Though not really the focus of the study, two questions arise concerning the applicability and advantages and disadvantages of laparoscopy for acute complicated appendicitis, both for deferred appendectomy (after initial conservative treatment, if indicated) and for urgent appendectomy. The former concerns whether initial conservative management results in greater applicability of the laparoscopic approach for appendectomy. Whilst our data suggest this to be the case, the result should be considered with caution given the progressive confirmation of the resolutionary potential of laparoscopy in all types of appendectomies, even those performed in complicated cases (4,12). The differences noted in our study are related with the small samples and a long recruitment period, with the progressive incorporation of the laparoscopic approach to the therapeutic arsenal, such that the differences between the two groups in terms of surgical approach may well no longer exist. We accept that there are interfering limitations despite the results.
A further question, closer to the centre of the study, is whether the generalization and diffusion of the laparoscopic approach will contribute to the control of the high figures of SSI reported for urgent appendectomy due to acute complicated appendicitis. If this proves to be the case, urgent appendectomy via laparoscopy will become the gold standard for treatment of this disease, possibly even to the detriment of initial conservative treatment. Systematic reviews, like those of Sauerland (13) or Bennett (14), suggest an increase in organ/space infections with laparoscopy for appendectomy, particularly in advanced stages of inflammatory appendicular disease. Recent series have confirmed the persistence of this problem associated with laparoscopic appendectomy (15,16). Thus, although a laparoscopic approach reduces the rates of parietal infection (superficial and deep), the overall rates of SSI obtained with the open and the laparoscopic approaches (always within the clinical context of acute complicated appendicitis) will become similar at the expense of a greater number of organ/space infections (which have more important repercussions and intrinsic therapeutic difficulty) associated with the latter, which would be an excessive price to pay. Whatever the case, further studies are required to specifically examine this question.
Finally, in relation to hospital stay, even considering the stay related with deferred appendectomy in the study group, we found no significant differences between the two therapeutic approaches. The homogeneity of the hospital stay is related with the fact that, although an initial conservative management may mean the need for readmission for a further inflammatory attack or for an elective appendectomy, an urgent and immediate appendectomy is associated with a high rate of postoperative SSI, which lengthens the stay for therapeutic reasons. Thus, there does not appear to be a clear difference in overall hospitalization concerning an initial conservative approach for acute complicated appendicitis.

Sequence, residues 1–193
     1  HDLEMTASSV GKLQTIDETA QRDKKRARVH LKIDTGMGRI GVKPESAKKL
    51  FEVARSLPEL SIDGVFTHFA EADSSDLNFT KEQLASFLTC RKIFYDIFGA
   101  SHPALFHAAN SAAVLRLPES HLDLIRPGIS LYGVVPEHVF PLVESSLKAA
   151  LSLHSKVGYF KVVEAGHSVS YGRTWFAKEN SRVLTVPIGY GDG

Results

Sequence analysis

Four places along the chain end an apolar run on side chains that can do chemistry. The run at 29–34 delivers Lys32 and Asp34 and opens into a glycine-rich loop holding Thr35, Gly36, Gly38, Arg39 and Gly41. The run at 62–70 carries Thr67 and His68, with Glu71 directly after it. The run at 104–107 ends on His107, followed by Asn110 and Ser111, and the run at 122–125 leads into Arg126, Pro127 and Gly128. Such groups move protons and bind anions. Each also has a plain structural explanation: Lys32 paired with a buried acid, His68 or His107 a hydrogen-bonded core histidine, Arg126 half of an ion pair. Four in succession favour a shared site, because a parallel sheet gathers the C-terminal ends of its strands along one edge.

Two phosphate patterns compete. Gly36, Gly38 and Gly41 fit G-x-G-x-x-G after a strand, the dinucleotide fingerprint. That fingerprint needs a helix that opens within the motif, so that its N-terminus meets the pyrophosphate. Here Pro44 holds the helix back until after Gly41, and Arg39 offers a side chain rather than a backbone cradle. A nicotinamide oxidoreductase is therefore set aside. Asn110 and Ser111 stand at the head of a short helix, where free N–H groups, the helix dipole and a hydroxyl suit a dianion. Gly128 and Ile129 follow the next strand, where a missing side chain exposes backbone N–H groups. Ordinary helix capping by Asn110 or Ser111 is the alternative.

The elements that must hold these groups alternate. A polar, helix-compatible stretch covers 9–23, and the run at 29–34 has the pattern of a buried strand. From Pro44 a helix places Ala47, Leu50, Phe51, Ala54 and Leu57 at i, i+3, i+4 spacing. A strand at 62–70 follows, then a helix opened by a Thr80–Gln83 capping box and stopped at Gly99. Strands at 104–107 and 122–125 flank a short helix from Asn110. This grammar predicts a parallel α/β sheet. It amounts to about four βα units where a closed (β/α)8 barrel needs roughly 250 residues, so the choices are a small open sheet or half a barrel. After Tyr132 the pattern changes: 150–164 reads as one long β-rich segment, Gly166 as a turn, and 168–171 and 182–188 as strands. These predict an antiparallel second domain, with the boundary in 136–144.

In the absence of prospective studies with large series of patients, and given the difficulty of randomization when assigning treatment, the only evidence available comes from reviews and meta-analyses of retrospective studies with small series (4,8). Accordingly, not enough evidence is yet available to determine the optimal treatment of acute complicated appendicitis. In view of the findings of this study and other available data, conservative treatment can be considered safe, with a low rate of symptomatic recurrence, with a minimal associated incidence of neoplastic disorders that are easily detectable. The correct selection of patients (absence of peritonitis or severe sepsis) is of course a sine qua non condition for the success of this therapeutic approach. Morbidity (particularly in the form of SSI) associated with urgent appendectomy is not negligible and it is greater than that associated with conservative treatment and deferred appendectomy. The relevant data suggest that generalization of the laparoscopic approach will not contribute to homogenize the rates of SSI between the two types of treatment, though confirmatory studies are necessary. It would therefore seem prudent to recommend conservative antibiotic therapy, with or without percutaneous drainage, as the choice for acute complicated appendicitis with an abscess or phlegmon, with deferred appendectomy being reserved for cases of symptomatic persistence or recurrence.
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José Manuel Aranda-Narváez.
Secretaría del Servicio de Cirugía General, Digestiva y Trasplante.
Hospital Regional Universitario Carlos Haya.
Avda. Carlos Haya, s/n.
29010 Malaga, Spain.